Thanksgiving in the United States is traced to the 1619 celebration in Virginia when settlers gave thanks for their safe arrival and to the Pilgrims’ 1621 harvest feast in Massachusetts. It has been celebrated on the fourth Thursday in November since 1942.
Since then, Thanksgiving evokes the most treasured of traditions: family gatherings bringing loved ones together from near and far, whether in person or online.
About 44 million people in the United States — about one in seven — were born in another country. In fact, most residents have immigration in their family history.
It has become such an American symbol of families that in 1972, President Nixon proclaimed the week of Thanksgiving National Family Week: “Our long-cherished American observances of Mother's Day and Father's Day are fittingly complemented by this new idea of a National Family Week, which this year will coincide with the Thanksgiving holiday — a time when families traditionally reunite…”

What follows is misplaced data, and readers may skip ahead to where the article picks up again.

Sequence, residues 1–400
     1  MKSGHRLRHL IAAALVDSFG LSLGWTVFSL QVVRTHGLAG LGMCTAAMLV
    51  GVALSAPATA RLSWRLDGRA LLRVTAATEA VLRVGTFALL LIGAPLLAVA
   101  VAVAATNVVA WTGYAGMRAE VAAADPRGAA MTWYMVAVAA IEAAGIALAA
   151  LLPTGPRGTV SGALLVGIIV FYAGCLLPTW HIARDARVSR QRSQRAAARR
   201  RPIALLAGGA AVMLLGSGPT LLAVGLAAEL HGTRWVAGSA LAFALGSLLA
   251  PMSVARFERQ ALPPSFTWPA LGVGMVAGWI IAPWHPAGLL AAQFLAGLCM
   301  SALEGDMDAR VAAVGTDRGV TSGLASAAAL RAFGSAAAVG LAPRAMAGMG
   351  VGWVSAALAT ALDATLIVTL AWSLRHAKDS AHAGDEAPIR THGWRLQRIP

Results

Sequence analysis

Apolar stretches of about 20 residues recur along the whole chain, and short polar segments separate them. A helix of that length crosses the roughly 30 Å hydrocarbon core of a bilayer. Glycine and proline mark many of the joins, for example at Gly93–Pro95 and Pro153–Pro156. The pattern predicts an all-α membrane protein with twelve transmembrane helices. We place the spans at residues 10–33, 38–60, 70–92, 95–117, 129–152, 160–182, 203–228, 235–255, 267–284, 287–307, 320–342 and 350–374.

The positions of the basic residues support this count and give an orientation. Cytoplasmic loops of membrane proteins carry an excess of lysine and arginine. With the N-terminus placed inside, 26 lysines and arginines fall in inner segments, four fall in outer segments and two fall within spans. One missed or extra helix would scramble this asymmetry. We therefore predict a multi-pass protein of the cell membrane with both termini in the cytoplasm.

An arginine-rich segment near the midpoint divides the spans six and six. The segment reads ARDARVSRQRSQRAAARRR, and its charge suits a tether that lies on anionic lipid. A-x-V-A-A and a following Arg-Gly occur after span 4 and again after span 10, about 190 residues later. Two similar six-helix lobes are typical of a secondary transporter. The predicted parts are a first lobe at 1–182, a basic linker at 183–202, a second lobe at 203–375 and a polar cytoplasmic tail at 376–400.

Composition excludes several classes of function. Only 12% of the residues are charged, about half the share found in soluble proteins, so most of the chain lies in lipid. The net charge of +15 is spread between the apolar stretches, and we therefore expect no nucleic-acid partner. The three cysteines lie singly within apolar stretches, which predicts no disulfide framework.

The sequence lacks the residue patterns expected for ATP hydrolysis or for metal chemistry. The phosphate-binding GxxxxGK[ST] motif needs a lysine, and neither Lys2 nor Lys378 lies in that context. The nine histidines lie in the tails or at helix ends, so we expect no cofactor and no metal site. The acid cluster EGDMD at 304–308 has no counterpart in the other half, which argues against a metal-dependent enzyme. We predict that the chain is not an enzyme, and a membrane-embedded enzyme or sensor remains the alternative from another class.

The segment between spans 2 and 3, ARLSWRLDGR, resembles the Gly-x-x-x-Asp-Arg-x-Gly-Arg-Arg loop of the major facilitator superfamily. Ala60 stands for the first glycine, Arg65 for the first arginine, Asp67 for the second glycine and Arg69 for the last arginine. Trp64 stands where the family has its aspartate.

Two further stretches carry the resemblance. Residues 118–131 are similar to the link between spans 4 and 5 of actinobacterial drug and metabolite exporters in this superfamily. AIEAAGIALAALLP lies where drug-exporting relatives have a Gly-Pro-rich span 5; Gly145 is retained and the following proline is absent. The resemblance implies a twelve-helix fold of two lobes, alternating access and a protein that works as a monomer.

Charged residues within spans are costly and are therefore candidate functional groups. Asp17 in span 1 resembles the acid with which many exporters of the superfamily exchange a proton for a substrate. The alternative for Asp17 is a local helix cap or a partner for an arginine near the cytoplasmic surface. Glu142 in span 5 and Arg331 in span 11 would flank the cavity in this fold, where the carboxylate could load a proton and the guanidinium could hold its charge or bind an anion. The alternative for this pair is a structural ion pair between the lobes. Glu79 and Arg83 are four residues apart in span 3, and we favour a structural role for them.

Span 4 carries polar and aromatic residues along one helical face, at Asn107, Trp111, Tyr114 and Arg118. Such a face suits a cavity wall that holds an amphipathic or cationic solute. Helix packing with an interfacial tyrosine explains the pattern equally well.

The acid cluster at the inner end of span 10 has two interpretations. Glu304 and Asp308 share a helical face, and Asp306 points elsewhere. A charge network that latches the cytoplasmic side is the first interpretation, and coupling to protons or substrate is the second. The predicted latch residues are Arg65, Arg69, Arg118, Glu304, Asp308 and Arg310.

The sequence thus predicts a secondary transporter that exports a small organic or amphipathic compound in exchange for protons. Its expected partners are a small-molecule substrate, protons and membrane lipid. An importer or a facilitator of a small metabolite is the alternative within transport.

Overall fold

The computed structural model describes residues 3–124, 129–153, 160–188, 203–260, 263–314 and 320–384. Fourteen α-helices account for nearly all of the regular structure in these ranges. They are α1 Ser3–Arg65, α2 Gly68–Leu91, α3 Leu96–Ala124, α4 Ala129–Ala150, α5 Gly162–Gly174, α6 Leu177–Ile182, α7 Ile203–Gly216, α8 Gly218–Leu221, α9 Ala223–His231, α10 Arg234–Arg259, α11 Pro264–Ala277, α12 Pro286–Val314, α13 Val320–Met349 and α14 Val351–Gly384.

We use this occasion to share some of the data the U.S. Census Bureau has long collected about the changing American family.
Let’s look back to see how families and living arrangements have changed or trended.
From the Census Bureau Newsroom, Stats for Stories (SFS) links you to newsworthy and timely stats about current events, observances, holidays and anniversaries. This past year, we released numerous SFS related to families:
Our Statistics in Schools (SIS) program offers activities and resources for teachers and students, including The Modern Family: Changes in Structure and Living Arrangements in the United States and more. There’s even a Pinterest page with SIS best boards like Parents Resources and Sociology.
Derick Moore is senior communications specialist at the Census Bureau.
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